The moon's choreography is less reliable now. Unlike the obedient tides my body chooses its own tempo, sways out of rhythm then drifts in step again for a measure or two.
It surprises my attention. I had forgotten this last bend in the yawing currents; Did not expect as much drama as at the beginning, when childhood washed away like an unguarded doll at the water's edge; Or in the middle, when all of me swelled with the briny broth of a stranger's life. Now again, I search the mirror, hunt for how my face reveals the changing course within.
People say I do not look my age, as if I'd won a prize. They say I am too young to parenthesize the moon. I can not always say I do not like what people say; Do not, some days want to conjour back the blood, rejoin the familiar round. Do not, like a lone sailor in a cloud-thick night, long to drop anchor and forget the creaking tiller the unknown destination the shape of undreamt shores.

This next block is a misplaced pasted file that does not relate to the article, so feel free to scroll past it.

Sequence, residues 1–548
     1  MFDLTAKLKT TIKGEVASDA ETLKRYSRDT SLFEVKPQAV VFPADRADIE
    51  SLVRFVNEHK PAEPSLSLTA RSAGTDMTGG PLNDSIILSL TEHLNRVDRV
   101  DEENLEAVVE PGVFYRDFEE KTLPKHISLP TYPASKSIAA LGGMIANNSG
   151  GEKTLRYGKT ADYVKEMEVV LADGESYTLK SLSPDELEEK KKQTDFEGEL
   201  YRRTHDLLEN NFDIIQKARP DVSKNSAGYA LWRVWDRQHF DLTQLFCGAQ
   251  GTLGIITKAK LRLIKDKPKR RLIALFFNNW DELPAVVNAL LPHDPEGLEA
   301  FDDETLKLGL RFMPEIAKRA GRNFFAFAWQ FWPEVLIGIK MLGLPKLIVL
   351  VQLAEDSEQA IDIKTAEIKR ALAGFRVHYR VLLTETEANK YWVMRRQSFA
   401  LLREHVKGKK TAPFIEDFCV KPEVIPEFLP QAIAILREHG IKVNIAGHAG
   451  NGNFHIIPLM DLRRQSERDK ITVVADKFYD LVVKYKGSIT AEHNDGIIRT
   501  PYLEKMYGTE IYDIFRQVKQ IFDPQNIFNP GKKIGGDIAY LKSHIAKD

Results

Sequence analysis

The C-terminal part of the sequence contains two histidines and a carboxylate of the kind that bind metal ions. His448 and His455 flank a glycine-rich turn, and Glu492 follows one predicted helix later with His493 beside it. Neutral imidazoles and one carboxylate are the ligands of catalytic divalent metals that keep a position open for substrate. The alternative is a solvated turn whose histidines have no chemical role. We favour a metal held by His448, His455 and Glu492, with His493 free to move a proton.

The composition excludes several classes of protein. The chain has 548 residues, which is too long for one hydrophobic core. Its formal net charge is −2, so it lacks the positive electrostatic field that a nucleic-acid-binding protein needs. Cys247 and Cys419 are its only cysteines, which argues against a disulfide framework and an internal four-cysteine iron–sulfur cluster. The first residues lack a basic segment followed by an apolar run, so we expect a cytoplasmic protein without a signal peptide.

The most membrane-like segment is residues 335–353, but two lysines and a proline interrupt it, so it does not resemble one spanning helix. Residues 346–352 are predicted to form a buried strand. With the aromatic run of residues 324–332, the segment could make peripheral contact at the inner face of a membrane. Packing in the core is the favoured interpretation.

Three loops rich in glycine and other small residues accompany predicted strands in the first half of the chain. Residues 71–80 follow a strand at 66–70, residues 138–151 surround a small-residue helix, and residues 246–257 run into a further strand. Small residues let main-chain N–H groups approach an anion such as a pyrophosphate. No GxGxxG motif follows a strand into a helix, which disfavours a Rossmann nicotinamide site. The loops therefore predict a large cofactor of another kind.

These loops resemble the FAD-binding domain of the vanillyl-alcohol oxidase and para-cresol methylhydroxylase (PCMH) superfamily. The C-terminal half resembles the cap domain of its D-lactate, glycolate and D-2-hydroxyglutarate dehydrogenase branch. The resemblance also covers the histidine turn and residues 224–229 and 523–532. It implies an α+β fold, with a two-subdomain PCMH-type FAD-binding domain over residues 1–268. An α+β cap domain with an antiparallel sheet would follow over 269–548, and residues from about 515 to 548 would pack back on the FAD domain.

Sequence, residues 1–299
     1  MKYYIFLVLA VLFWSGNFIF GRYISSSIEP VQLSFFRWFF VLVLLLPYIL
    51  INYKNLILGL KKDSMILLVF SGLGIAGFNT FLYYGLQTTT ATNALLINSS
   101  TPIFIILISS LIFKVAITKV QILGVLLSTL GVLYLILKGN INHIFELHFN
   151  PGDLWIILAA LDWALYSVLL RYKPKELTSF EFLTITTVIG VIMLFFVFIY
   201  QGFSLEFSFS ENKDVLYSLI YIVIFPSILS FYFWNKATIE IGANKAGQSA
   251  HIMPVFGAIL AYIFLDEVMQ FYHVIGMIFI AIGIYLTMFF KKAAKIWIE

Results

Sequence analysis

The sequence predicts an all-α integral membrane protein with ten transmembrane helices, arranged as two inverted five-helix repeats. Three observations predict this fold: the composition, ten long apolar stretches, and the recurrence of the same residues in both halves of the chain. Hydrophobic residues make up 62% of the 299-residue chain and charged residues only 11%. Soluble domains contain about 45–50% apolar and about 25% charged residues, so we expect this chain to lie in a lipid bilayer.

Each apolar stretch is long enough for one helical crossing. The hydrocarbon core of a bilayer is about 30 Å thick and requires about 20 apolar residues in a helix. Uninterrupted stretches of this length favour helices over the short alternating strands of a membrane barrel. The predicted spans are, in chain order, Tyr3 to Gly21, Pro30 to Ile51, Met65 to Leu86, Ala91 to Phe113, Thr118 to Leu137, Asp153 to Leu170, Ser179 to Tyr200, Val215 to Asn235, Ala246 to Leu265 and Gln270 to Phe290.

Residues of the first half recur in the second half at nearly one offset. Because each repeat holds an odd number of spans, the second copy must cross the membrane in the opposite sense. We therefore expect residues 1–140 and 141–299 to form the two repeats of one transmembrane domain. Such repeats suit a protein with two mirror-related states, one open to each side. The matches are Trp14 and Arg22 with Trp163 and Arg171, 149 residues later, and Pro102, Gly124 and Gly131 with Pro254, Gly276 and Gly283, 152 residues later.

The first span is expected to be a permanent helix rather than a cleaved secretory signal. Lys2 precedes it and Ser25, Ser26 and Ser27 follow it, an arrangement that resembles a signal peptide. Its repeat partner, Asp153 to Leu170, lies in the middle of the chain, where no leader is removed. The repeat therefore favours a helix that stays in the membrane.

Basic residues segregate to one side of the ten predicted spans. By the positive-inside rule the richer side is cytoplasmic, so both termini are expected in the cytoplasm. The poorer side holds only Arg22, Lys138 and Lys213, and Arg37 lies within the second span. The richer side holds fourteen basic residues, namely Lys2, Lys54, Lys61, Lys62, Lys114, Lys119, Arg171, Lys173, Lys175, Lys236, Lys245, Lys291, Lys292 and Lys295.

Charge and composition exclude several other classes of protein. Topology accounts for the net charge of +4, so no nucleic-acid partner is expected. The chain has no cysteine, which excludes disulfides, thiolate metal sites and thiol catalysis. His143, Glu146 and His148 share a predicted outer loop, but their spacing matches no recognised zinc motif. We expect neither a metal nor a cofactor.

found in Claiming the Spirit Within a sourcebook of women's poetry ed by Marilyn Sewell